By David Sharp
There's a lot of advice out there for writers on how to stay disciplined. No doubt, that's a vital component of getting the work done. If we don't train ourselves to sit down at that computer and put one word after another, we won't have anything to show for it. We must be consistent and diligent.
But that's for another blog post.
Today, I want to talk about the other side of writing. It's the invisible side. The part for which I often admonish myself. The part that looks an awful lot like wasting time. I'm talking about daydreaming.
Nothing is Worse Than Staring at a Blank Screen. But there's no rule that says you have to. Why not get out of that chair and burn some calories while you muse? (Or gain some calories if that works for you. Donuts can be very inspirational!) Roll the ideas around in your head and go back to the blank screen when you've got something to fill it. Your computer isn't going anywhere. And if it is, you've got other problems to deal with.
Wait. This Feels a Lot Like Procrastination. And that's the best part! Do you ever have to convince yourself to procrastinate? Never! But what if that procrastination is secretly productive? Think how much you could accomplish! And your brain doesn't ever have to know. Okay, but it could turn ugly if you don't pair it with some discipline. The discipline element hasn't vanished, you're just taking it on the road with you. And you really are going to get to the typing part. Just, you know, later.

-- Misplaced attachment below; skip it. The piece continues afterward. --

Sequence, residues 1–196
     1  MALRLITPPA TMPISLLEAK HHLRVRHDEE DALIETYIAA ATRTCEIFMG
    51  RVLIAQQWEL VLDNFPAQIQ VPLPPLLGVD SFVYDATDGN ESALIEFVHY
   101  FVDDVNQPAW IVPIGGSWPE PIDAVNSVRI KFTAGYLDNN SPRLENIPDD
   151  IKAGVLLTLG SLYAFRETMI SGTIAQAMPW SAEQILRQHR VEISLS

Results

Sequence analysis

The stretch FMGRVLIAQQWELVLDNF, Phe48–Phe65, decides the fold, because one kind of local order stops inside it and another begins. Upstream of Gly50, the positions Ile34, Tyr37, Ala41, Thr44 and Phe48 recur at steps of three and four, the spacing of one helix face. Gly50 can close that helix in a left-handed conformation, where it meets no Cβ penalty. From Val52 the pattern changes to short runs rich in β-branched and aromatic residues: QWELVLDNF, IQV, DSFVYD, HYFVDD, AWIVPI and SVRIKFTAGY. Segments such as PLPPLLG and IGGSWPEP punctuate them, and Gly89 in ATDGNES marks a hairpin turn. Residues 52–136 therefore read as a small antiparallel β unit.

|These cloud castles don't build themselves!|
You've got to get your hands dirty.
Metaphorically speaking, of course.
Where Do the Ideas Come From? Even the most successful authors don't know. They may give you some snarky answers, but there is no magic formula. Still, we do know some of the ingredients! And chief among them is curiosity. It's important to let your mind wander down some of those rabbit holes. Maybe it will bring you to a solution for your glaring plot hole. Or maybe it will just lead you to a new culinary experiment. A second ingredient is free association. Stories are frequently metaphorical. Allowing your mind to draw unlikely comparisons prepares you to create foreign experiences that are still relevant to your reader. A third ingredient is eggs. Eggs are in everything.
|Yes. This is what productivity looks like.|
In fact, I better cancel that meeting this afternoon.
So stop dilly-dallying. That daydreaming isn't going to happen on its own.
Get to work!
|Imagine the possibilities.|
Or for more reading, check into:
Seven Elements of Creativity
The Virtues of Daydreaming
How to Daydream